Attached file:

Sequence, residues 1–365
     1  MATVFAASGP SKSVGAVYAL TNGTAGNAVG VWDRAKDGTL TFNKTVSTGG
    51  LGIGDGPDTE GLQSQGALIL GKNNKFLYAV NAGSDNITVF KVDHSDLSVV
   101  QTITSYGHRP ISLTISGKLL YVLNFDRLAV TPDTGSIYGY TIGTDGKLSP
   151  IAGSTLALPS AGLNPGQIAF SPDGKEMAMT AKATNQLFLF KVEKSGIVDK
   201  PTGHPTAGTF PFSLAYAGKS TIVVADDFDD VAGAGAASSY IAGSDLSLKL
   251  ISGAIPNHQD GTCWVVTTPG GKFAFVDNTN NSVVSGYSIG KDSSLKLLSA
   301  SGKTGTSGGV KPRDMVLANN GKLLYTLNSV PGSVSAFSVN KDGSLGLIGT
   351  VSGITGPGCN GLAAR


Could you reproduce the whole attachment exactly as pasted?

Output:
Sequence, residues 1–365
     1  MATVFAASGP SKSVGAVYAL TNGTAGNAVG VWDRAKDGTL TFNKTVSTGG
    51  LGIGDGPDTE GLQSQGALIL GKNNKFLYAV NAGSDNITVF KVDHSDLSVV
   101  QTITSYGHRP ISLTISGKLL YVLNFDRLAV TPDTGSIYGY TIGTDGKLSP
   151  IAGSTLALPS AGLNPGQIAF SPDGKEMAMT AKATNQLFLF KVEKSGIVDK
   201  PTGHPTAGTF PFSLAYAGKS TIVVADDFDD VAGAGAASSY IAGSDLSLKL
   251  ISGAIPNHQD GTCWVVTTPG GKFAFVDNTN NSVVSGYSIG KDSSLKLLSA
   301  SGKTGTSGGV KPRDMVLANN GKLLYTLNSV PGSVSAFSVN KDGSLGLIGT
   351  VSGITGPGCN GLAAR